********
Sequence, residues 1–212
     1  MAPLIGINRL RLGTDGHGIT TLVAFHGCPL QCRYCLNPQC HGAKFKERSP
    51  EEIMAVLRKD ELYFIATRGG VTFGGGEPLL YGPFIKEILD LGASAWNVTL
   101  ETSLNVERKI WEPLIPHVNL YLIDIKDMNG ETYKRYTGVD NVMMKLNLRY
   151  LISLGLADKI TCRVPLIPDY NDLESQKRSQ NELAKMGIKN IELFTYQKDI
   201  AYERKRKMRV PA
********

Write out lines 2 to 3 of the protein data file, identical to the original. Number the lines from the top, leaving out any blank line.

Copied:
     1  MAPLIGINRL RLGTDGHGIT TLVAFHGCPL QCRYCLNPQC HGAKFKERSP
    51  EEIMAVLRKD ELYFIATRGG VTFGGGEPLL YGPFIKEILD LGASAWNVTL